In that case, you get particularly rich soil from sometimes meters-deep layers of leaf mold collecting over the years/centuries, no doubt with its own distinctive microorganism communities. It doesn’t just add more organic material to areas of clay soil, but AFAICT acts very similarly to the tierra prieta. And I am sure that’s not the only area in North America where people figured out some similar ways of enriching soil. (Besides using river bottoms full of rich silt and built-in irrigation for growing staple crops, for incredible yields. And so forth.)
Because they were not stupid.
03. September 20147,868 notes
I asked seven anthropologists, archaeologists, and historians if they would rather have been a typical Indian or a typical European in 1491. None was delighted by the question, because it required judging the past by the standards of today—a fallacy disparaged as “presentism” by social scientists. But every one chose to be an Indian. Some early colonists gave the same answer. Horrifying the leaders of Jamestown and Plymouth, scores of English ran off to live with the Indians. My ancestor shared their desire, which is what led to the trumped-up murder charges against him—or that’s what my grandfather told me, anyway.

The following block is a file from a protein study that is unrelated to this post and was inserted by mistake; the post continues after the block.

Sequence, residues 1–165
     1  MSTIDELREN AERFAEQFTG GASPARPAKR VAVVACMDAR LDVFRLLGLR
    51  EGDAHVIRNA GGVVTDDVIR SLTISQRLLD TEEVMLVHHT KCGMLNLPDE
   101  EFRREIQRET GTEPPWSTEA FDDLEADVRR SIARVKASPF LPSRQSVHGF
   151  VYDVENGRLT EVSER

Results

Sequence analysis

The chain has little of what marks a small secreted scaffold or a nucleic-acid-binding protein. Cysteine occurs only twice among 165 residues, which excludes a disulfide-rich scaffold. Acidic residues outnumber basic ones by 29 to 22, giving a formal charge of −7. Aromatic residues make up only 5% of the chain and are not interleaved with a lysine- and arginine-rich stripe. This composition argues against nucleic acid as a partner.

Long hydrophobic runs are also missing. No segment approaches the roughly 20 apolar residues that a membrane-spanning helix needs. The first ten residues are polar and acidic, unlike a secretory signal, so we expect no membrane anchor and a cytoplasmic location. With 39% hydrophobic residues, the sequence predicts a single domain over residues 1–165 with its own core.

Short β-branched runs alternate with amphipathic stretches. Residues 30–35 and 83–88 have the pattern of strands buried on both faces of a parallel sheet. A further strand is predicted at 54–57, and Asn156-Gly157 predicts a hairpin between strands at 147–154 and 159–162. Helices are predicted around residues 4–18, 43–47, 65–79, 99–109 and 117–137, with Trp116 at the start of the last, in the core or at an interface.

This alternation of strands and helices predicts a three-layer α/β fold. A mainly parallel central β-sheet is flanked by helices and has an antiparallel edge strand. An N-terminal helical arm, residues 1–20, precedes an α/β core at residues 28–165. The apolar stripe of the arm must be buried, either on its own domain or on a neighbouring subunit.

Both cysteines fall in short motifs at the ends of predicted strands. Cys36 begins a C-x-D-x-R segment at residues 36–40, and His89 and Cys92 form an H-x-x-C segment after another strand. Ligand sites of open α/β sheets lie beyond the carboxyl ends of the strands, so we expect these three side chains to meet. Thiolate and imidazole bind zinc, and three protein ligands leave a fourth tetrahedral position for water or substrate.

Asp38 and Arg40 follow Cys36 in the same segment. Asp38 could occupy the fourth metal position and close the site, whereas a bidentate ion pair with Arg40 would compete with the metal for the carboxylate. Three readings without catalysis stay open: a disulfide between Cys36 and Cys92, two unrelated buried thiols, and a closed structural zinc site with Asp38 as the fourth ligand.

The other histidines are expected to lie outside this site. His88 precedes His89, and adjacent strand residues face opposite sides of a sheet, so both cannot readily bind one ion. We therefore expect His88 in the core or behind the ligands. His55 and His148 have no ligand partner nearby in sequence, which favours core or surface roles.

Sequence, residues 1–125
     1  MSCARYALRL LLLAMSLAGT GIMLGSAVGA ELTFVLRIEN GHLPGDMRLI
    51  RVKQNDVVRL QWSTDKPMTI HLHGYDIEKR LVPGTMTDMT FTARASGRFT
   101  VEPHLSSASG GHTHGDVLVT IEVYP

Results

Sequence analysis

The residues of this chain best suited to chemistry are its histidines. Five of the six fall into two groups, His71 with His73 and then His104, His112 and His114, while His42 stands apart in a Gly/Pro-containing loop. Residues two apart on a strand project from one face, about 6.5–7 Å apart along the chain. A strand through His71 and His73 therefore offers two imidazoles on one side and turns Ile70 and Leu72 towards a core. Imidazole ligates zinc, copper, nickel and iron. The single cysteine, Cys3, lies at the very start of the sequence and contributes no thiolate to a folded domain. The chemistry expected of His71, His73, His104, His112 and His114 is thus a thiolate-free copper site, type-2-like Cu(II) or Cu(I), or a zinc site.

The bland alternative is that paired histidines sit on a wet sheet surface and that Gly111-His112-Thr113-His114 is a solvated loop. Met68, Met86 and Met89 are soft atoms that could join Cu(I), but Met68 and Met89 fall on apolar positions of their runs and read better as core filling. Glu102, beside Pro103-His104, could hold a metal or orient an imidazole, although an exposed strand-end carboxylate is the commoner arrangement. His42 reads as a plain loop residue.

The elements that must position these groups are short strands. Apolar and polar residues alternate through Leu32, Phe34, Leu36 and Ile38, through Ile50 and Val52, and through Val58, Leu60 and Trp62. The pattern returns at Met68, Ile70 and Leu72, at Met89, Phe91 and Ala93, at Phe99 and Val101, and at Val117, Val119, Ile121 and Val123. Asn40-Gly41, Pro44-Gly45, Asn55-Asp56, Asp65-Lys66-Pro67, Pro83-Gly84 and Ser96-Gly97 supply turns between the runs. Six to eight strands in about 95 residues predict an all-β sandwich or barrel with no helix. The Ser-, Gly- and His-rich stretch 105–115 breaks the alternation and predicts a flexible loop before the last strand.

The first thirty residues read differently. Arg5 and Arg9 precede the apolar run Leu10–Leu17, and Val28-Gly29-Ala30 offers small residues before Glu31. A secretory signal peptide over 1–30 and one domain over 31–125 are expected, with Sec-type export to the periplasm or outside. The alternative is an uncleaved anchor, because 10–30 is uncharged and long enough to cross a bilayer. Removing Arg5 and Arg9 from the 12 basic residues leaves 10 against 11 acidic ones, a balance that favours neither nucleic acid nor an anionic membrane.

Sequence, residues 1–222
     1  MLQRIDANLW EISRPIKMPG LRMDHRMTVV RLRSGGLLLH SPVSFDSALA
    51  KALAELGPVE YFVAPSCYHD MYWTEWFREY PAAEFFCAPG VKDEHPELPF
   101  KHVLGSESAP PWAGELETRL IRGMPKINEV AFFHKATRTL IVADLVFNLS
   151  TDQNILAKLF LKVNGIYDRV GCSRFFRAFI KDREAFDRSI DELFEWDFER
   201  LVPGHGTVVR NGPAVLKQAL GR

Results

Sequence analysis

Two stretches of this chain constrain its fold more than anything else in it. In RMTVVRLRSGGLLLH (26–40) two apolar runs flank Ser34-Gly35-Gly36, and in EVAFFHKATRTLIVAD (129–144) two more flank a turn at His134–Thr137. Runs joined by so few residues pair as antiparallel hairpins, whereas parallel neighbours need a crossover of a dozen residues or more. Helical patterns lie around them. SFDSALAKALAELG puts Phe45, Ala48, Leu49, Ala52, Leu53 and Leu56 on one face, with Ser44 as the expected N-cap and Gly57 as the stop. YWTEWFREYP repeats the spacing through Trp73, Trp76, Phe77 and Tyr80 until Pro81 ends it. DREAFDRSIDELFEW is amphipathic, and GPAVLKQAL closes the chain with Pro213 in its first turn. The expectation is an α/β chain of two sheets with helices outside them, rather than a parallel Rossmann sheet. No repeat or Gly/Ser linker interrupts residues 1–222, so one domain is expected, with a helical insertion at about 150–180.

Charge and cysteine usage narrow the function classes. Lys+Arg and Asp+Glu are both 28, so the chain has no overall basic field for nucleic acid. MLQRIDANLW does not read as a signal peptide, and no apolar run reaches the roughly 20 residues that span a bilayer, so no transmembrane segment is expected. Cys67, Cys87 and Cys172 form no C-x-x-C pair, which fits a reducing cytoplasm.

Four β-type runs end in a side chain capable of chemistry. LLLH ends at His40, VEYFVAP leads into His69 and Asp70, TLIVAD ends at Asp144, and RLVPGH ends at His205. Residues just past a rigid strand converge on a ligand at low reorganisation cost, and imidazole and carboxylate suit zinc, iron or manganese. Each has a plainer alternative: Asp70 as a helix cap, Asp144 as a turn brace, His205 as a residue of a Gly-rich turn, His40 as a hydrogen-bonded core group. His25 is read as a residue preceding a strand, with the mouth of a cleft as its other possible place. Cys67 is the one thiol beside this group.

As for the Indians, evidence suggests that they often viewed Europeans with disdain. The Hurons, a chagrined missionary reported, thought the French possessed “little intelligence in comparison to themselves.” Europeans, Indians said, were physically weak, sexually untrustworthy, atrociously ugly, and just plain dirty. (Spaniards, who seldom if ever bathed, were amazed by the Aztec desire for personal cleanliness.) A Jesuit reported that the “Savages” were disgusted by handkerchiefs: “They say, we place what is unclean in a fine white piece of linen, and put it away in our pockets as something very precious, while they throw it upon the ground.” The Micmac scoffed at the notion of French superiority. If Christian civilization was so wonderful, why were its inhabitants leaving?